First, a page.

Fred Hubbell’s strength within Mason City allowed him to make a good run at winning Cerro Gordo County overall. But Reynolds’s strength in Clear Lake and the rurals combined to tip the scales in her favor. All told, Cerro Gordo is an essential bellwether county for both Biden and Greenfield. They likely need to shoot for about a 2-3% win in Cerro Gordo to feel good about turning Iowa blue.
- Race: 97.5% white, 0.7% black, 0.4% Asian, 1.7% Hispanic (of any race)
- Population: 9,187
- State Vote Share: >1%
- Education: 90.3% HS degree or higher, 14.9% bachelor’s degree or higher
- Median Income: $52,742
Now we come to Howard County, a much blogged about county among elections obsessives like your author. It has the distinction of being the only county in America to vote for Barack Obama in 2012 and Donald Trump in 2016 by at least 20%. Its massive, violent swing towards the GOP in ‘16 made it an object of fascination within the elections community going into 2018.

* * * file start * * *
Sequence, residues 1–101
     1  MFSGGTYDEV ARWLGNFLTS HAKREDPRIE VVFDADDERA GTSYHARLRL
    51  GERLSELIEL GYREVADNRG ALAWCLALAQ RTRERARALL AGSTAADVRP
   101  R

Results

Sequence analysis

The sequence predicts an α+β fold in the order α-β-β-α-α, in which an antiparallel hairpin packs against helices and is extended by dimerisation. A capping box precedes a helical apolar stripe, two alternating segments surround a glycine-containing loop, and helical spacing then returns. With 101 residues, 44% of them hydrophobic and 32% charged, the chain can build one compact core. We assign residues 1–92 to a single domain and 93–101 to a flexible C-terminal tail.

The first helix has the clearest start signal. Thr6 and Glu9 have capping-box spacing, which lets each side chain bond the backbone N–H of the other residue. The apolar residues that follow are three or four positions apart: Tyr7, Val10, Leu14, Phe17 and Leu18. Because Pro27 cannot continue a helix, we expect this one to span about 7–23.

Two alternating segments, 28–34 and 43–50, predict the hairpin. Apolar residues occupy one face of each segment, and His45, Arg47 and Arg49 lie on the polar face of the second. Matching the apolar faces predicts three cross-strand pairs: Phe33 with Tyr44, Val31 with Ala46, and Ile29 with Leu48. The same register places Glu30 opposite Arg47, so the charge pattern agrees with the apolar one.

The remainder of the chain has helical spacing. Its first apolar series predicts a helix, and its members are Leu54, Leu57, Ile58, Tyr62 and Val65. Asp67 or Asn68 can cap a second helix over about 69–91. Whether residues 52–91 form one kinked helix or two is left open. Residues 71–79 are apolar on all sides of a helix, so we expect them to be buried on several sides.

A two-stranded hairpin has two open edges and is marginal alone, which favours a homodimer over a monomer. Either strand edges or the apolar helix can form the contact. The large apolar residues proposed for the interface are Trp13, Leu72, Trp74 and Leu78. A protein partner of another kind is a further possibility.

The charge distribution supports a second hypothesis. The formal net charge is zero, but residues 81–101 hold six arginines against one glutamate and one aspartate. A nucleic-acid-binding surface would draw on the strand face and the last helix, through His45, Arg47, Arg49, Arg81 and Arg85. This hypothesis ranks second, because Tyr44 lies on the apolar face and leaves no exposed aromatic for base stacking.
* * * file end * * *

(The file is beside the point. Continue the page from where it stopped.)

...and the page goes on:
The result delighted Republicans and disappointed Democrats: Howard County voted for Reynolds by over 17 points. Though Hubbell gained on Clinton’s margin by four points, it was less than the 6+% increase statewide. Those who thought Howard could return to solidly Democratic territory were sorely mistaken. Even Rob Sand (D), who showed immense strength in Obama-Trump areas, lost Howard County by six points.
Howard County is included because its trends reflect what is happening in much of the state, except on steroids. The map shows how red the county was in 2018 and the demographics give lots of hints as to why it’s now a Republican county.
With under 10,000 residents, there are no real urban or suburban areas. Instead, it’s a remarkably rural county. It’s also whiter than a can of whipped cream, clocking in at 97.5% white. Combine that with only 15% of residents having at least a bachelor’s degree and this is the kind of area that is ripe for a realignment in the Trump era.
If Donald Trump or Joni Ernst win in Iowa again, it will be because of places like Howard County. There are lots of areas like this in Iowa, though Howard is the most extreme example. There may not be enough Polks to offset the realignment of rural communities.